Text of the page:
What makes a queen? A figure of grace, grandeur and gregariousness. All attributes which fifth-year Tandon School of Engineering student Malcolm Lewis masters. Standing at over six feet tall and garnering attention from all eyes wherever he goes, Lewis is the quote-unquote face of Tandon, but how did he rise to this level of fame? It’s all rooted in the charisma, uniqueness, nerve and talent that is drag.
From the seemingly small island country of Staten Island, Lewis was a member of his local LGBTQ center where he had a “gay family,” which is a fictive queer kinship composed of all the key characters of any family tree — a mother, an aunt, an uncle and cousins galore. His gay family, specifically his gay aunt, introduced him to drag by taking him to a local ball (events where members of the LGBTQ community meet and perform in drag).
“I’ve gotten up in a wig and dress before and done a tune or two, but the first time I did [drag] was my senior year in high school,” Lewis said. “The LGBTQ center down the block was having a queer prom. My gay aunt knew how to beat a face so she was like, ‘Why don’t you do drag?’ And I was thinking to myself, ‘I can’t do that on my own.’ But then I figured out I had a whole team.”
The beat — the ritual of applying makeup — is a rigorous process — one that isn’t achieved alone, but rather through a band of Lewis’ close friends. Lewis’s gay sister, makeup artist and beat queen David Flores always does drag makeup for Lewis.
“He paints me because of my skin tone since I’m a really dark shade,” Lewis said. “We hang out a lot and play with makeup a lot. I’ve had a real girl paint my face, and no tea no shade but it’s just different makeup from drag makeup. It’s heavier and the Covergirl doesn’t cover boy.”
Without Flores, the show can’t go on. As Lewis scrolled through looks that Flores has done for him and on Flores, himself, he gushed about how essential makeup is to his whole performance.
“Some people are good with just dressing up and prancing around on stage, but for me I want to go all out,” Lewis said. “Makeup takes the performance to a whole other level. Some queens are good with no makeup but [Flores and I] go all out.”
To complement his glow and dramatic brows, Lewis must have an outfit to tie the entire look together and give his audiences the full experience of him in drag. Generally dressed in gender queer clothing, Lewis uses some of his own pieces but often looks to his girl friends for assistance, too.
“My girl friends always hook me up with their skirts and tops for my performances,” Lewis said. “I have this one thicc — T-H-I-C-C — girl friend, and we’re the same size so I’m always snatching stuff from her closet. Otherwise we’re heading to a thrift store.”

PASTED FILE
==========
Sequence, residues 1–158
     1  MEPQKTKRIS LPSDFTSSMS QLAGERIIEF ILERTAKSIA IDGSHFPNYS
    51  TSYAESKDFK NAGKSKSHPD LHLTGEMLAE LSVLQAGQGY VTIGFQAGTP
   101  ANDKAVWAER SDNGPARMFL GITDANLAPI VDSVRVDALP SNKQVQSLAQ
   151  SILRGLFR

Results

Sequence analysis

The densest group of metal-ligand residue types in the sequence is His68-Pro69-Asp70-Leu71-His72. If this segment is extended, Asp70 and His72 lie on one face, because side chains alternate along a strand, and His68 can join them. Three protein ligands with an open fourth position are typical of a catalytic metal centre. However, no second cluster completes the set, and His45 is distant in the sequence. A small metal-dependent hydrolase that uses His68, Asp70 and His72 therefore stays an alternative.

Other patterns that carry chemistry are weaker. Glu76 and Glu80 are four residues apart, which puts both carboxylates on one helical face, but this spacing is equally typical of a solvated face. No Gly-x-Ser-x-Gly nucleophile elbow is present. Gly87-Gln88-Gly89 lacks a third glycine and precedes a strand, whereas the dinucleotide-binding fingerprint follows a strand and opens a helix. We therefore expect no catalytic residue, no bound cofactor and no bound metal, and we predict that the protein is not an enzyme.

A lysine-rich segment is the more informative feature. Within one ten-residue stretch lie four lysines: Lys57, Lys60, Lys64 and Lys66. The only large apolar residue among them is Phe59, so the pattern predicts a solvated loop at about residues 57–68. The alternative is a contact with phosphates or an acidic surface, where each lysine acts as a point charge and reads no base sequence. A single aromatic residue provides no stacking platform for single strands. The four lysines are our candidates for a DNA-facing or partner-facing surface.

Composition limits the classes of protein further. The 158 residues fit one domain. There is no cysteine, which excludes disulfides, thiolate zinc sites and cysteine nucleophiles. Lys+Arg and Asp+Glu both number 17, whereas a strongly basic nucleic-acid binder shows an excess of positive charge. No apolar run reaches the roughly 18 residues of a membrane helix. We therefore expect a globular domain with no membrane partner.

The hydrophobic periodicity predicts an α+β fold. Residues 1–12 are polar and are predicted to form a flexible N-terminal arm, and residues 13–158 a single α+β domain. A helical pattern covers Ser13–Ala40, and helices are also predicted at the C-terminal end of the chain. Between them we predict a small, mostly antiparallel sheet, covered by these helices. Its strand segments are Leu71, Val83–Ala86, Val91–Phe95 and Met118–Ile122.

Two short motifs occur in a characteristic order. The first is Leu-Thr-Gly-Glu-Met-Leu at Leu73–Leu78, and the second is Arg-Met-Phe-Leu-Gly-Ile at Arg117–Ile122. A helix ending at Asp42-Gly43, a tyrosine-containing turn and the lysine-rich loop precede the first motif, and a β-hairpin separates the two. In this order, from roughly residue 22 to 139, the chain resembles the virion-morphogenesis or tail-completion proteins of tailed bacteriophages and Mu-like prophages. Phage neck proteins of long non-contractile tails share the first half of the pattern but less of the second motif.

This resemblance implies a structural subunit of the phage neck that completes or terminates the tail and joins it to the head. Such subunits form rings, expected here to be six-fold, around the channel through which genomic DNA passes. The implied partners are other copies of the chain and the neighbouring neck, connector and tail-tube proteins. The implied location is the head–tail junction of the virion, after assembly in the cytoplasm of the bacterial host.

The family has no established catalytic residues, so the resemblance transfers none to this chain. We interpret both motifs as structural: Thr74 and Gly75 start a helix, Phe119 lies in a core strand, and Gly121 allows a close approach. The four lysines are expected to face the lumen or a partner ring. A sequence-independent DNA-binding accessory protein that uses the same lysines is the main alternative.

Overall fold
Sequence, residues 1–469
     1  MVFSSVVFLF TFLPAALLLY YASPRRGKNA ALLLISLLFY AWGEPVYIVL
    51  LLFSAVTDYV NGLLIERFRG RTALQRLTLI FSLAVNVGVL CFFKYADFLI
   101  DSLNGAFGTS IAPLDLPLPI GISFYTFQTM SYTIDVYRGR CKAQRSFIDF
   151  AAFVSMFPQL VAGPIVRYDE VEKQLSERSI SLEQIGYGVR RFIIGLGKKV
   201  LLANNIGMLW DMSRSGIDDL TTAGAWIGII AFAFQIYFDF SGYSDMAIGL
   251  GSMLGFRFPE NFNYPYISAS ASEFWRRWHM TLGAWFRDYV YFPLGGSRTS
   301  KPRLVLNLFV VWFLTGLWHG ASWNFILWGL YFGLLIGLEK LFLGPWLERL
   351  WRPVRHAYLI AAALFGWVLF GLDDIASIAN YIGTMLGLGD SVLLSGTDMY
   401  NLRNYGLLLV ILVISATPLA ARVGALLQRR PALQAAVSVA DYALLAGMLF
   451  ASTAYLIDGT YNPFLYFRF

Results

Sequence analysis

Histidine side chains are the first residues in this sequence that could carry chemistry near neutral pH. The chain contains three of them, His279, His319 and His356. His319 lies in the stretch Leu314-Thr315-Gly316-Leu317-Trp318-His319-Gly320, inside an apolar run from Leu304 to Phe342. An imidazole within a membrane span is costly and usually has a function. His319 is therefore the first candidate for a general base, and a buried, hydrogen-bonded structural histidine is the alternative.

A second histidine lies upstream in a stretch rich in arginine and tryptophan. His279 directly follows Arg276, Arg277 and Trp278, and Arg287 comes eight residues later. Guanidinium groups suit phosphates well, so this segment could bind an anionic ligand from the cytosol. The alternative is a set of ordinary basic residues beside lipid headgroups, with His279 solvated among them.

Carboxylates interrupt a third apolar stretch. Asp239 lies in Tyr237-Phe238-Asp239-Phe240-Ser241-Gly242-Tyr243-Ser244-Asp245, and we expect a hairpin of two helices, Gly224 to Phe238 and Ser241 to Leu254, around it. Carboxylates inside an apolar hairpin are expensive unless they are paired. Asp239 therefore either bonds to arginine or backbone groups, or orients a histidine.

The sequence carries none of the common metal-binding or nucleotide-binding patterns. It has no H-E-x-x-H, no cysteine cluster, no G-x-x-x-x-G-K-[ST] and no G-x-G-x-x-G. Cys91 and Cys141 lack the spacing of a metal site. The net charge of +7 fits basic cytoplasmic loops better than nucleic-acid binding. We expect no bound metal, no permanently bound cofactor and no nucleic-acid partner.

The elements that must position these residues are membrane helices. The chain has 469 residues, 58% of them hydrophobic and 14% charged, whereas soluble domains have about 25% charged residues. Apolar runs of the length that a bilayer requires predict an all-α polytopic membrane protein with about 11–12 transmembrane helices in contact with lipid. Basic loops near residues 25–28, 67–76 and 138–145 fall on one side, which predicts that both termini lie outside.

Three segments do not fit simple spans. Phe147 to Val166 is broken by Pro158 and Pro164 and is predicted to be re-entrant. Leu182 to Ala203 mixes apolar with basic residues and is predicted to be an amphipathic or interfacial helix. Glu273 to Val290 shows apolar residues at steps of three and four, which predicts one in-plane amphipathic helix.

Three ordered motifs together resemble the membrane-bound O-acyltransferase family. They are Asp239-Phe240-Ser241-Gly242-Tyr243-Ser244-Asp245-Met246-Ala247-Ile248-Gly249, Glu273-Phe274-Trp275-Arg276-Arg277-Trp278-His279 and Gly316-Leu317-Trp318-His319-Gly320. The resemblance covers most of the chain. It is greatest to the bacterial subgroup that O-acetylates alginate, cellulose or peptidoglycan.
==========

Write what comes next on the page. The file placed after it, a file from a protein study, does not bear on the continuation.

With a complete look, Lewis has to take it to the stage. He credits NYU with giving him a platform to perform drag.
“My second time performing [drag] was at NYU’s Drag Bingo,” Lewis said. “I just got to meet and interact with other drag queens. Ever since then, I’ve been performing at yearly drag events that NYU hosts [during Welcome Week] and I perform for NYU’s LGBTQ fraternity, Delta Lambda Phi, at [its] annual gala.”
While Lewis continues to vogue and give us face, he knew he had to give audiences a name to put to such a face. But Lewis said he struggled to come up with a name that was memorable, funny and true to himself.
“I worked for this woman over the summer who loved acai bowls,” Lewis said. “I can never pronounce [acai] but great drag name — AcaiShe. But I’m not a healthy b*tch so I kept looking.”
Lewis went through a lot of trial and error before settling on his current title.
“Lukas LaRiviere [from NYU’s LGBTQ Student Center] was telling me I should go by Malcolm the Drag Queen as a play on, if you know, Bob the Drag Queen,” Lewis said. “I was like, ‘Oooo, that’s funny!’ but I needed my own twist. So now, my drag name that I’ll be going by until I find something funnier is Malcolm the Not So Well Known Drag Queen.”
Before his current drag name, he went by just Malcolm since most people Lewis knows are aware he performs drag. He didn’t want to detach his day-to-day personality from his drag persona. Rather than a name differentiator, Lewis uses his outfits and paints his face to define his two practically synonymous personalities.
“The glitz transforms Malcolm into Malcolm the Not So Well Known Drag Queen,” Lewis said. “When people see me, I just want them to go ‘What the shook.’”
Email Pamela Jew at [email protected]